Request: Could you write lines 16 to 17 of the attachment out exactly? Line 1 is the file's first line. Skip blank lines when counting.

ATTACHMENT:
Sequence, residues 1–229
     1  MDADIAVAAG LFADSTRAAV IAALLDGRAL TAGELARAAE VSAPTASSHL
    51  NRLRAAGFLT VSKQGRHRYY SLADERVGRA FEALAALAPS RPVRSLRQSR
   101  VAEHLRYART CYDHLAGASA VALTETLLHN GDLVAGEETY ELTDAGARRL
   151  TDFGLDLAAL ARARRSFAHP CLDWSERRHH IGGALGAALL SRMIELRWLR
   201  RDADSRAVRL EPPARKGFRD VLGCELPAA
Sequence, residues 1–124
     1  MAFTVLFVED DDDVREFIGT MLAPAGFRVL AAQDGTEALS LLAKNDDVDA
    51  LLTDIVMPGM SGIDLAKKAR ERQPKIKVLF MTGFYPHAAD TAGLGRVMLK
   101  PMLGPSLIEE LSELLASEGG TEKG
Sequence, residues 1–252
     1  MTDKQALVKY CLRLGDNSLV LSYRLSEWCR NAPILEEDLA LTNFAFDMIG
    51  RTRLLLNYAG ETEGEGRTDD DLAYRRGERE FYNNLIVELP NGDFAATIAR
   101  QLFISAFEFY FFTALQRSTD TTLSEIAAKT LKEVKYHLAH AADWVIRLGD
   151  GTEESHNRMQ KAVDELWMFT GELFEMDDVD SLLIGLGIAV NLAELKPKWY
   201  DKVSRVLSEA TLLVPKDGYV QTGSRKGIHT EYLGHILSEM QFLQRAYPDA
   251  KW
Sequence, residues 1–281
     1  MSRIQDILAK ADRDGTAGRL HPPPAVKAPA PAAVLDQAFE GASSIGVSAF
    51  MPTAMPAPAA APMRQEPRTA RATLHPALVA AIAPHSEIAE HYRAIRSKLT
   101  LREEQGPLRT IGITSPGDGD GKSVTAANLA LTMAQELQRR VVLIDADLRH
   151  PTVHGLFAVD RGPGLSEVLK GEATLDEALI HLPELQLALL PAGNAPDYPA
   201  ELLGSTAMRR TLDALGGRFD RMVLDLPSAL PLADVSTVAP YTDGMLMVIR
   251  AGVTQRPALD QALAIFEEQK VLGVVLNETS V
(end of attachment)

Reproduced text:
   201  DKVSRVLSEA TLLVPKDGYV QTGSRKGIHT EYLGHILSEM QFLQRAYPDA
   251  KW